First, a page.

Going organic seems to be in fashion at the moment, from healthy eating to natural clothing. So why would it be any different for televisions?
OLED screens – or displays that use Organic Light Emitting Diodes – are the next big thing in television technology. Thinner, lighter and more striking visually than a traditional LED TV, OLED technology is finally about to make its way into consumers homes.
Both LG and Samsung have been showing off OLED TVs at trade shows like IFA and CES in 2012, blowing away viewers with the technology’s breathtaking depth, colour reproduction and black levels, and the 2013 January CES may see the entry of more nameplates, as well as a definite timeline for the introduction of OLED tellies into the consumer space.
While expected on shelves in October this year, for example, LG’s 55 inch failed to materialise, with the no-show providing some insight into the challenges facing manufacturers: OLED is expensive to make (LG’s was touted at $10, 000) and the technology has been beset with problems for years.
How does it work?
What makes OLED such an amazing technology is that it doesn’t require a backlight. Every other form of television technology, whether it is CRT, plasma or LCD, requires a light to shine from behind the screen, giving the luminosity to create a picture. Even the traditional LED TVs that currently dominate the market are just LCD TVs that use LEDs instead of fluorescent lights to illuminate the pixels.
OLED is different. With OLED displays, each light emitting diode is covered by an organic compound which, when touched by an electric current, creates its own light. There’s no need for a backlight to give you a complete picture, because each pixel is capable of lighting itself.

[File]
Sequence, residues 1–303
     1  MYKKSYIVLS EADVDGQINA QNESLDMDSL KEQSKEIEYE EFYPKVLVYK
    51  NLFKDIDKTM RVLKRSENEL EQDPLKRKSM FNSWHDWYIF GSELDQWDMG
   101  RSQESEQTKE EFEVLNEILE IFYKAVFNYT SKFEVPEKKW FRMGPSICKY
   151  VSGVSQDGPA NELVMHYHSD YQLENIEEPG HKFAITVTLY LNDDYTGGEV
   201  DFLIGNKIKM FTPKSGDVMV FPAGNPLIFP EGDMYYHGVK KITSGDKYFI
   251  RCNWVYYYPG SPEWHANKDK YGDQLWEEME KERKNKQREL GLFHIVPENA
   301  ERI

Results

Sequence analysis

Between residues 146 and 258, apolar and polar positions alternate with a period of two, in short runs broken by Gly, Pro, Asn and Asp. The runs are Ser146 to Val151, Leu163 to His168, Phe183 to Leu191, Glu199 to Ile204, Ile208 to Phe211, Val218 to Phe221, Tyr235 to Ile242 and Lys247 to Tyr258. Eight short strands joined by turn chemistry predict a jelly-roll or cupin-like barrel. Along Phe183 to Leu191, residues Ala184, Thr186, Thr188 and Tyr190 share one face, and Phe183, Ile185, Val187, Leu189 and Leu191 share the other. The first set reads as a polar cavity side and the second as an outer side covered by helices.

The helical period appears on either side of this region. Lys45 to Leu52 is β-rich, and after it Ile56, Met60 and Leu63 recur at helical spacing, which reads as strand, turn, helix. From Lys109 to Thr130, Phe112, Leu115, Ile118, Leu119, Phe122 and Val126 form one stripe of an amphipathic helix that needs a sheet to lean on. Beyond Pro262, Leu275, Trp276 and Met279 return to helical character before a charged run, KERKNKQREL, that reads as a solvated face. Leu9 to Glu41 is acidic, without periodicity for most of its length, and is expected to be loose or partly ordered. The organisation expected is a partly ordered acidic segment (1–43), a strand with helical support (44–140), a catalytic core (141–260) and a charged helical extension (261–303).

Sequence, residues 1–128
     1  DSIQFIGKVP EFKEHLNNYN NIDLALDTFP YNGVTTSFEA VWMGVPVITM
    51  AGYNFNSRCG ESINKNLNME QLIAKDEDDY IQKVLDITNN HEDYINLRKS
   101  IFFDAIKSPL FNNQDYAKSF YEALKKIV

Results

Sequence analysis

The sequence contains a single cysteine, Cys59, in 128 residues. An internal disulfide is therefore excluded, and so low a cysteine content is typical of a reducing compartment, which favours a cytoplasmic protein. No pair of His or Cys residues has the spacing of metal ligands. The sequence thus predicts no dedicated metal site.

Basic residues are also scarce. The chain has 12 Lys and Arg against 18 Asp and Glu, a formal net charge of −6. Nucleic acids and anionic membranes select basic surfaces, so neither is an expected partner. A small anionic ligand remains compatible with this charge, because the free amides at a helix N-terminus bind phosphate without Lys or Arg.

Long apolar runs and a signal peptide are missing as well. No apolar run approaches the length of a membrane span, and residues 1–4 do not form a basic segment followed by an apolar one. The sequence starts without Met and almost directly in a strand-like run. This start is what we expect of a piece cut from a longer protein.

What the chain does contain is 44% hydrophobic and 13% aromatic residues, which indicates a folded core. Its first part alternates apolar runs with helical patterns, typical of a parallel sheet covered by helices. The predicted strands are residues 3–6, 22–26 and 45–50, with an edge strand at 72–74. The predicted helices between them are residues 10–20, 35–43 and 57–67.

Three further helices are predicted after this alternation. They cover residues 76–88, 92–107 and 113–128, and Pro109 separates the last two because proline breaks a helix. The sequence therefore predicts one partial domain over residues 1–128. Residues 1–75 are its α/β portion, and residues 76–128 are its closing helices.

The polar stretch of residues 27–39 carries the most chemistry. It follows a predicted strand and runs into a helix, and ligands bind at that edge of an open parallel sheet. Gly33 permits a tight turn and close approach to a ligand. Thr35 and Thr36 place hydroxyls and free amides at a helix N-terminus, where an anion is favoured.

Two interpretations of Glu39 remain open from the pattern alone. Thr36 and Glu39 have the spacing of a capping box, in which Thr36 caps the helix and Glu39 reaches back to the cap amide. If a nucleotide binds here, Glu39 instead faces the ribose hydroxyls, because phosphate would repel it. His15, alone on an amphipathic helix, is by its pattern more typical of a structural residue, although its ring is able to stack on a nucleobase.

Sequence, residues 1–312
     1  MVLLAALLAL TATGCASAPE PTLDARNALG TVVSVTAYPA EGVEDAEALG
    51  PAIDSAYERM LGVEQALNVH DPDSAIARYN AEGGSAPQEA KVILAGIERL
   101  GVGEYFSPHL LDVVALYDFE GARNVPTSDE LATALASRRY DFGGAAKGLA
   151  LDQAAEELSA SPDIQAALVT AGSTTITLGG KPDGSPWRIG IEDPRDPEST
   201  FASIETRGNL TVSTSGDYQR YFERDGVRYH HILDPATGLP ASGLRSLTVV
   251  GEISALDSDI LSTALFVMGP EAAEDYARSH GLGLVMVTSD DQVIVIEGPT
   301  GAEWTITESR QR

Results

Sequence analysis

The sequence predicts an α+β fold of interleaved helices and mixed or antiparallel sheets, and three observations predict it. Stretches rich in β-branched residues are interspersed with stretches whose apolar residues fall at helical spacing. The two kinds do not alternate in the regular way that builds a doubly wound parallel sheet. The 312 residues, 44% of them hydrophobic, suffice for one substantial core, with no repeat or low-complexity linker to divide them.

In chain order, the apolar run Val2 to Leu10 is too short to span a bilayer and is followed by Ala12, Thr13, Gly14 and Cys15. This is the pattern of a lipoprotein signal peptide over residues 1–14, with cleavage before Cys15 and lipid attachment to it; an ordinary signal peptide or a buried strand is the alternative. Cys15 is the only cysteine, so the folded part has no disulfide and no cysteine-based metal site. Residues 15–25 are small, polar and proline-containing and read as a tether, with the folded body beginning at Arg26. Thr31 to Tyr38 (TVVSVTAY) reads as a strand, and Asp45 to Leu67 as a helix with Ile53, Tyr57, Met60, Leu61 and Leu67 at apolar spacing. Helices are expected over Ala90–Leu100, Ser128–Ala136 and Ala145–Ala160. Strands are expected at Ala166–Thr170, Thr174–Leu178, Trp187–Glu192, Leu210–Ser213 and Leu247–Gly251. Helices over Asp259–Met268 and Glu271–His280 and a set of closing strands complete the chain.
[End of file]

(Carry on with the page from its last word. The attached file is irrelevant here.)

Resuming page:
And without the need for a backlight, OLED panels can be razor thin, with stunning bezel-free designs. The emphasis is on the ‘razor’ part – less than a millimeter is a real possibility for OLED screens. Engineers have even produced flexible prototypes, which can be curved, rolled up and wrapped around things.
This opens up a whole new world of display possibilities, with everything from display advertising to dynamic newspapers that can be rolled up like the traditional paper version.
Aside from the obvious benefit of having thinner, lighter televisions, the fact that every pixel can create its own light source has other benefits, the most important being picture quality.
While LCD backlighting technology has progressed significantly in the past few years thanks to things like localised dimming, it doesn’t even come close to the contrast of OLED. With the ability to switch off the light completely by cutting the current to each pixel, and brighter whites thanks to the fact the light doesn’t have to filter through LCDs, the resulting picture is bright, dynamic and stunning to behold.
It also makes an OLED screen much more energy efficient, unless you’re showing a mostly white screen (like a work document), in which case each pixel is burning brightly and guzzling down the electric juice.
More impressive are the almost instant response times on offer via OLED screens. Where LCD televisions offer response time starting at 2ms, OLED is capable of handling a 0.01ms response time. The lack of delay between the signal being sent to the TV and the TV displaying it makes OLED perfect for action, fast-moving scenes, sports and pretty much every other type of content you can throw at it.
It’s even been shown that OLED screens can be made by printing the organic compounds onto a special substrate using a regular inkjet printer. This kind of versatility promises a bright future for OLED technology, where portable screens can be printed at home, once the cost of the substrate drastically reduces.